It was the lowest point in her life. The pain was agonising, the loss of independence insupportable. She told her friend she wanted to kill herself.
“She said ‘there’s no point in living, no point in going on because it’s too hard, it’s too bad’,” Bullens says.
But Vervoort’s psychologist recommended she speak to Dr Wim Distelmans, a leading palliative care expert. He suggested an alternative option: euthanasia.
Euthanasia – in which a doctor intervenes to end a life – has been legal in Belgium since 2002. It is available only if a patient has an incurable condition, is in unbearable pain, and is able to make a rational decision to request it, and even then two doctors have to agree it is the correct course of action.
In 2015, MPs in the UK rejected the Assisted Dying Bill, which would have allowed some terminally ill adults to end their lives with medical supervision.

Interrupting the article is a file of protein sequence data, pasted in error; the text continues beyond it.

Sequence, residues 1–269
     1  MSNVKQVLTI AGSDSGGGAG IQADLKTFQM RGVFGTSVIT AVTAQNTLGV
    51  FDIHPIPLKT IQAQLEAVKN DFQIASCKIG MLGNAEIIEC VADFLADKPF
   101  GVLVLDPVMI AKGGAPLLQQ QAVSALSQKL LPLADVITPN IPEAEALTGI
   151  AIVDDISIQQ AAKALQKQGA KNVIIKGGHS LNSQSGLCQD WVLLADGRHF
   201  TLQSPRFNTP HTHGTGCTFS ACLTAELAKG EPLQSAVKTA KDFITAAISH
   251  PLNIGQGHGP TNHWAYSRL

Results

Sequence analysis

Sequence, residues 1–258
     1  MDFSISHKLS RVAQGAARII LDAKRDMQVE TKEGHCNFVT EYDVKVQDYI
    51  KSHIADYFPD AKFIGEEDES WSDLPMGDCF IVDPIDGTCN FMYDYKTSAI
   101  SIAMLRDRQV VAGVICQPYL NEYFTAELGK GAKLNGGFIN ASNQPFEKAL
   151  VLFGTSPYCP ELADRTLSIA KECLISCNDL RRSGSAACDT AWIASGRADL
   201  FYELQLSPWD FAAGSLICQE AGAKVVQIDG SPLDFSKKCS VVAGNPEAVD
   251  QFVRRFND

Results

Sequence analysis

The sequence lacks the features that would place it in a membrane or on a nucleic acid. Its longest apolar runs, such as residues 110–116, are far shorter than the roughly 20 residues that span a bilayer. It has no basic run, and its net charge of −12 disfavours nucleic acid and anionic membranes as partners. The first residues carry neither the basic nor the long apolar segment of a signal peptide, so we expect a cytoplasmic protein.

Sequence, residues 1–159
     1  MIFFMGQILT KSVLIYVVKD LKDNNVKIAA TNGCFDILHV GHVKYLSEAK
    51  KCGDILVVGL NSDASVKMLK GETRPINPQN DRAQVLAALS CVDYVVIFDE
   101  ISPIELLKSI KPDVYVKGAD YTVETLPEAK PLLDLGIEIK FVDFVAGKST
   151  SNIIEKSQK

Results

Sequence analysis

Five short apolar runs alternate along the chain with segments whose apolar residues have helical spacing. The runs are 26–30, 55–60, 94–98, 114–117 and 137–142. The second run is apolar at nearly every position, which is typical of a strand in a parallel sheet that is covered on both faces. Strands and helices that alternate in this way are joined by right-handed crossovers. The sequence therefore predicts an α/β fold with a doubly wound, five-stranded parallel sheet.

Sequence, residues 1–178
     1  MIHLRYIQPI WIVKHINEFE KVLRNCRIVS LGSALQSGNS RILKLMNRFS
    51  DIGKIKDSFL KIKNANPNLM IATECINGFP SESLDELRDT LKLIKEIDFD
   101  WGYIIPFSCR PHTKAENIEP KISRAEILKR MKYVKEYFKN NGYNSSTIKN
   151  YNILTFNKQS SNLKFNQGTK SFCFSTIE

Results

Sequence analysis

Bullens was the first person Vervoort told about her decision. She is also the person she wants with her when she dies.
“I immediately supported her,” Bullens says. “She is stubborn. She knows what she wants. But she also knows what she doesn’t want. A living hell is not the life that she wants.
“I immediately had the feeling it was something that she could control, and if she had control of her life, she would live longer. The pain is always there. She doesn’t have to wait for the pain to have an end for her life. She says to the pain – I decide when to go. Not you.”
In the hall of Bullens’ house is a wall upon which friends and guests have written inspirational messages. But, until now, not Vervoort. She puts that right. It’s a painful process, as her hands are beginning to fail her. Bullens knows it’s a precious moment.
“The woman who’s writing it is forever in my heart,” she says. “She’s not forever physically. It’s a peaceful thought that she will go in a beautiful way, and not a hard way. In a strong way.”